BBC news with Jonathan Izard.
Twenty tourists were among the victims of an attack by gunman on one of Tunisia’s most prestigious museums. The assailant shot dead visitors from South Africa, Poland, Italy and Spain as they were getting off a bus outside the Bardo Museum in the capital Tunis which stands next to the country’s parliament. At least 22 people died in the attack and more than 40 others were wounded. Two hours later Tunisian security forces shot the gunman dead. Adnan Cotour reports from Tunis.
“The last group of tourists were taken away on a bus a while ago, wailing at bystanders and security forces and many Tunisians here are reluctant to leave. “I’m sad and shocked”, one of them told me. The attacker has managed to strike both at political as well at the economic heart of the country. The site of the attack the Bardo museum is a Tunis Watte Louvre as to Paris. It’s in walking distance to parliament where terrified politicians were locked down when the attack began. This is the first attack on civilians in more than decades. And as an act of defiant and solidarity with victims, politicians have been gathering here this evening.”
As the Israeli Prime Minister Benjamin Netanyahu prepares to build a new governing coalition, the US has criticized the tactics that won him the election. Kim Ghattes reports from Washington.
“The White House made very clear it was deeply concerned about the “divisive rhetoric” used in the campaign directed at Israeli Arabs. The administration also said it would reevaluate its position on the best way to achieve a two states solution. The Israeli leader has said there would be no Palestinian state if he were reelected. And in a scathing editorial the New York Times said Mr. Netanyahu had laid bare his duplicity and confirmed suspicions he never had any intention to negotiate a peace deal.”
The US Federal Reserve has signaled it’s now prepared to raise interest rates. Following a two-day meeting the central bank’s policy setting committee ended its pledge to be patient before reversing the monetary policy it's pursued since financial crisis of 2008, but the Chairperson of Federal reserve Janet Yellen said the rise may not be immediate.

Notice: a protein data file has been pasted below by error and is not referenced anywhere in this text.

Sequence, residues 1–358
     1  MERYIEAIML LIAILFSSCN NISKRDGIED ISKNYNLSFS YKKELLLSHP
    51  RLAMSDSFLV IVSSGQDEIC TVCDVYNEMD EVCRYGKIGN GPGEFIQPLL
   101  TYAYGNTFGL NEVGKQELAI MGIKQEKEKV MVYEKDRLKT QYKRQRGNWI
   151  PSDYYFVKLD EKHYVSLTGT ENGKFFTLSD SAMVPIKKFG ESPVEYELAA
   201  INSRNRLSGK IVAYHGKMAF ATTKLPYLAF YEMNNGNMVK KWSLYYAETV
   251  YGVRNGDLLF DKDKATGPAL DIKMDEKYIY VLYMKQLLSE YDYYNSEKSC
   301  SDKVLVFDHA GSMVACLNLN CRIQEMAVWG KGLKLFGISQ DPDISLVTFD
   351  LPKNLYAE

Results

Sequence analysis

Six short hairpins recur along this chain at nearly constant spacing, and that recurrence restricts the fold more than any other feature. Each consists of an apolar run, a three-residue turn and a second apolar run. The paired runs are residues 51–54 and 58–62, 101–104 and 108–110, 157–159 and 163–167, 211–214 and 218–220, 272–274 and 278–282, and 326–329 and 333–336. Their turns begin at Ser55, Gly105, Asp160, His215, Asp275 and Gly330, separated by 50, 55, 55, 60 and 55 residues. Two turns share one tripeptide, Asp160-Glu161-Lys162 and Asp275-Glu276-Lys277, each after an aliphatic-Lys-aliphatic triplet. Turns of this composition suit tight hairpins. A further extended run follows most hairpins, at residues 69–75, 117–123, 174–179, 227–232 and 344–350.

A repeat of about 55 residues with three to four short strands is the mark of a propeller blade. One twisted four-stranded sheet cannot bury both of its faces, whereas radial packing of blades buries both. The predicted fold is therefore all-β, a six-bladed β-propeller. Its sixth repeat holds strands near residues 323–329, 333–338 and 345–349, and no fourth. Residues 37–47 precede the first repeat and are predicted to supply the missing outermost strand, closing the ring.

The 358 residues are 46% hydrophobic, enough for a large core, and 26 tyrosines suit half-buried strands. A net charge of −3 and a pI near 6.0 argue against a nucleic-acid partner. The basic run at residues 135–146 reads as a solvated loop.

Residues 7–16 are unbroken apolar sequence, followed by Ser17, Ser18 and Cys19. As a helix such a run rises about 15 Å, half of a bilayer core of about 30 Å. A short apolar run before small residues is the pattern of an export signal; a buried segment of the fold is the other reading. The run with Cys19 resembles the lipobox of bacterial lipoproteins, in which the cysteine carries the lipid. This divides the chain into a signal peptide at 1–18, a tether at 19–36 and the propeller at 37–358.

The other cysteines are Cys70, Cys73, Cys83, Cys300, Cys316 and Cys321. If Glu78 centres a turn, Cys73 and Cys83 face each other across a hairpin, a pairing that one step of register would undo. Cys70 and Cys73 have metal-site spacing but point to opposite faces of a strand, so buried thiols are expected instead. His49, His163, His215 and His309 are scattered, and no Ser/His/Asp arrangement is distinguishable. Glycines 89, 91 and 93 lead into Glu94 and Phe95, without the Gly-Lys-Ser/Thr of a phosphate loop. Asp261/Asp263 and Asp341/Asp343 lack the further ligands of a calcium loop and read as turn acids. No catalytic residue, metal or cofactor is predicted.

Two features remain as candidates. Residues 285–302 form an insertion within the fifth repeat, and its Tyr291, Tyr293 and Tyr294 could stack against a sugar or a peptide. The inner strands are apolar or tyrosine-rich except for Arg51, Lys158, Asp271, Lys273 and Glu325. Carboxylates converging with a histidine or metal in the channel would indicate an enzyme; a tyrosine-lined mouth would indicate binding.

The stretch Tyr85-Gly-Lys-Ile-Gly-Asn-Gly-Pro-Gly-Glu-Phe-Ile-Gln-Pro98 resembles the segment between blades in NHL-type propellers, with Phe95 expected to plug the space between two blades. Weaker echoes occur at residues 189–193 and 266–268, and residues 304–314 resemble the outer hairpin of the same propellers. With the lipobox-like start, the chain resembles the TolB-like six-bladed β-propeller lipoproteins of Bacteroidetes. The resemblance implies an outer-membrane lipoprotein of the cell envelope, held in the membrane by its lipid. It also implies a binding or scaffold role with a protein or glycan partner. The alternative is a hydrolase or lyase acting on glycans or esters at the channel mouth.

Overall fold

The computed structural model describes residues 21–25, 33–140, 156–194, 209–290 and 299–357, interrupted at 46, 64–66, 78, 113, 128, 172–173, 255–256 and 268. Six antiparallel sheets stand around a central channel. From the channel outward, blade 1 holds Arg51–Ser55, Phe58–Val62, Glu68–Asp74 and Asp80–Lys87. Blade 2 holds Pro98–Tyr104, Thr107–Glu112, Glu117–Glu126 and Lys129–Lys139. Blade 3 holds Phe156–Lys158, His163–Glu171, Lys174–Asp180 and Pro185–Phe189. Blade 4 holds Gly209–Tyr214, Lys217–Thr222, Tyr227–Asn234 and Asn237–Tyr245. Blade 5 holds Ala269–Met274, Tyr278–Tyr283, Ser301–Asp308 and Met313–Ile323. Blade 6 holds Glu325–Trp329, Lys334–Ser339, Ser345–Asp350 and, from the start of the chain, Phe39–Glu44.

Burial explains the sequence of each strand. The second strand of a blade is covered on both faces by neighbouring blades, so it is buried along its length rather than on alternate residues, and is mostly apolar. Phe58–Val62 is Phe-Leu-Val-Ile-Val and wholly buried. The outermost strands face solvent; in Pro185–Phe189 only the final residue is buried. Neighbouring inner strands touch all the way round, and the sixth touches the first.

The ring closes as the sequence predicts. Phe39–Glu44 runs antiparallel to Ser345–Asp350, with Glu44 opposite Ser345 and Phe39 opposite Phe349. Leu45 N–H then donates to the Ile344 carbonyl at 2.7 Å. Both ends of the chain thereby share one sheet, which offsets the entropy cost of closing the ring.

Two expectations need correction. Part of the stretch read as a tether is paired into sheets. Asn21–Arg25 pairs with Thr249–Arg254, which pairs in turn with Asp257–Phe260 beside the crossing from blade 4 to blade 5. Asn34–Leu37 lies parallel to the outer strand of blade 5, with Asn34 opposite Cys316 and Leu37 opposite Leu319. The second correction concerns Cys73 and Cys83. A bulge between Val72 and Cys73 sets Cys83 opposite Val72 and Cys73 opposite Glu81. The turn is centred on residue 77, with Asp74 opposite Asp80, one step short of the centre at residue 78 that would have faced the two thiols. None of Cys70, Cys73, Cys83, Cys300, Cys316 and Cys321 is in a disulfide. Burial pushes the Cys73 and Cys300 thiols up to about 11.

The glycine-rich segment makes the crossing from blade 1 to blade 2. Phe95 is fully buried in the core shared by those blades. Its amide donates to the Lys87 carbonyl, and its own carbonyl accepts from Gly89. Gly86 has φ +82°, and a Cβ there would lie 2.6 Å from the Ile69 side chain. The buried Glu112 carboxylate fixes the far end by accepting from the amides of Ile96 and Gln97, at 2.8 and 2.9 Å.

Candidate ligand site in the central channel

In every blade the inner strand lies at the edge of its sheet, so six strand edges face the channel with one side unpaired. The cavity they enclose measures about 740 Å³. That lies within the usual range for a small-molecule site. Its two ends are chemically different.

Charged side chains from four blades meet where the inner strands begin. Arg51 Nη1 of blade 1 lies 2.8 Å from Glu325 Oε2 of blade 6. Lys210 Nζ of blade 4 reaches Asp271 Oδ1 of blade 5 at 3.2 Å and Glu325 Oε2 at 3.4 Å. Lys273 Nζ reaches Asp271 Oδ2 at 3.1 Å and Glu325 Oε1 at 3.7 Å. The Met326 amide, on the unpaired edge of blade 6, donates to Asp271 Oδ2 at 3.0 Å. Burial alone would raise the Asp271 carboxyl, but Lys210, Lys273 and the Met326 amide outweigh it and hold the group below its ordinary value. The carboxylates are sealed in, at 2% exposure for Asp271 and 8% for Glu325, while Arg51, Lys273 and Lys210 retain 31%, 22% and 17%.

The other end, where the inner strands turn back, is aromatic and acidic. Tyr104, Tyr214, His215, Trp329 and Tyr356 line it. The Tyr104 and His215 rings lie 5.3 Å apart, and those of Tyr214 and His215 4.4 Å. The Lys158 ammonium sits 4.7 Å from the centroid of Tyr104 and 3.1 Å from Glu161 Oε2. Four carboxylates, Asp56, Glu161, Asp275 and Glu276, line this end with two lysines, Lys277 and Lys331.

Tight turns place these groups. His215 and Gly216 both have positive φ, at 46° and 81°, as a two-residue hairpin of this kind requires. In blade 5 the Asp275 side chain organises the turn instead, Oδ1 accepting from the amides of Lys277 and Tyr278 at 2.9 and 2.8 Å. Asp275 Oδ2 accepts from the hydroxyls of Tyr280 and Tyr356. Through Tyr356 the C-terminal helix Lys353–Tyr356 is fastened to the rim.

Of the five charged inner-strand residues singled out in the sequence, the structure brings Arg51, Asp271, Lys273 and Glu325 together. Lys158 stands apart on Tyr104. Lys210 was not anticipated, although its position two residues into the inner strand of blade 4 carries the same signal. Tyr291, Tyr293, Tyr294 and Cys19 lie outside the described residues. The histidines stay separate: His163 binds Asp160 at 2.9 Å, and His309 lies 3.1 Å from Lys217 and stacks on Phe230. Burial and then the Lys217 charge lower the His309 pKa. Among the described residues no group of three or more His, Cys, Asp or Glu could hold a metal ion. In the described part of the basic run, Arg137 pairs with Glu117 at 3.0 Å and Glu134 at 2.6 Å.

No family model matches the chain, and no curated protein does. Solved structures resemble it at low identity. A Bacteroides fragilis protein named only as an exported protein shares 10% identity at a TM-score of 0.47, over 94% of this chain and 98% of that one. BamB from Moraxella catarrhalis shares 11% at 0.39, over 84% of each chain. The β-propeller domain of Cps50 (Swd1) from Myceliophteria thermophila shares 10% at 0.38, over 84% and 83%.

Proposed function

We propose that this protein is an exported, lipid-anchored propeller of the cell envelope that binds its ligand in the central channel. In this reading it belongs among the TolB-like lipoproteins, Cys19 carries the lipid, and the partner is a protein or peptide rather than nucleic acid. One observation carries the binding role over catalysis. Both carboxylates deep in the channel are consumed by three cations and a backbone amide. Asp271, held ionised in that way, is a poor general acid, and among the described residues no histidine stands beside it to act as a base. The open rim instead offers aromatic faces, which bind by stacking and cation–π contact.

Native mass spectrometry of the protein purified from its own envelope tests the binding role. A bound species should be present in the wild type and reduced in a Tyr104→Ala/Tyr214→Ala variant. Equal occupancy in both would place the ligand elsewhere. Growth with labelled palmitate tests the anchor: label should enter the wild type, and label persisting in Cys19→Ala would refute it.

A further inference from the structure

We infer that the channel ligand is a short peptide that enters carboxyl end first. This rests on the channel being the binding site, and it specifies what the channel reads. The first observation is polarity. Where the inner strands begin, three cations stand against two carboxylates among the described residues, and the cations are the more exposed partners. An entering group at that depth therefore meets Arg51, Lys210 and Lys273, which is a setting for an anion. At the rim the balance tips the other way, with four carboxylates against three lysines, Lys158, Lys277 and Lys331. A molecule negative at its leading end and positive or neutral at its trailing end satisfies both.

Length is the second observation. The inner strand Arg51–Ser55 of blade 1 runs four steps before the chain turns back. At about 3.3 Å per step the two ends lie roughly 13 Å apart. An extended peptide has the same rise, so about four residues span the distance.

“Today’s modification of our guidance should not be interpreted to mean that we’ve decided on the timing of their increase. In other words, just because we removed the word patient from the statement doesn’t mean we’re going to be impatient. Our policy is likely to remain highly accommodative to support continued progress toward our objectives of maximum employment and 2% inflation.”
The Pentagon says it’s killed a leader of the Somali militant group Al-shabab in a drone strike. US defense official said Adan Garar, the man accused of the planning of the attack on a shopping mall in Kenya two years ago was hit by a drone equipped with hellfire missile in southern Somalia last Friday. The US has been assessing the operation before confirming that Gara was the target.
World news from the BBC
A Pakistani government minister has announced the last minute stay of execution in the case of a man who, rights groups say, was a child when he was convicted with involuntary manslaughter. Shaphcat Husin was due to be executed on Thursday. A British based children’s charity Child Rights International Network says he was 14 years old at the time of the crime and insists he was tortured into confessing.
The leaders of the United States in Germany have said they’ll maintain sanctions imposed on Russia for its support of separatists in Ukraine. President Obama and Chancellor Angela Merkel said the sanctions were necessary to bring a lasting resolution to the crisis. The commitment comes as president Putin acknowledged the damage caused by the sanctions.
The Brazilian government has announced a raft of anti-corruption measures following Sunday’s mass protest across the country demanding the impeachment of president Dilma Rousseff. Speaking in Brasilia, Ms. Rousseff called for a national pact against corruption. Wyre Davies reports from Rio.
“Earlier this week, the president described corruption as nothing new in Brazil, but promised to do something about it. Today we heard some of the detail, declaring that she’d always fought against corruption, she called for a national pact to tackle it and promised laws to criminalize and regulate the funding at political campaigns and money laundering in elections. But to several senior politicians and industrial executives implicated in the Petrobras inquiry, it is questionable if the proposals go far enough.”
The world’s highest-paid model Gisele Bundchen has announced she is to retire from the catwalk. The Brazilian supermodel's spokeswoman and sister Patricia said Gisele wants to focus on her family and special projects. The 34-year old model has been a face of French fashion house Chanel, and has worked with designer of Valentino, Versace and Louis Vuitton. Reports say she earned estimated 47million dollars last year. She will make a final catwalk-well at Sao Paulo’s fashion week in April.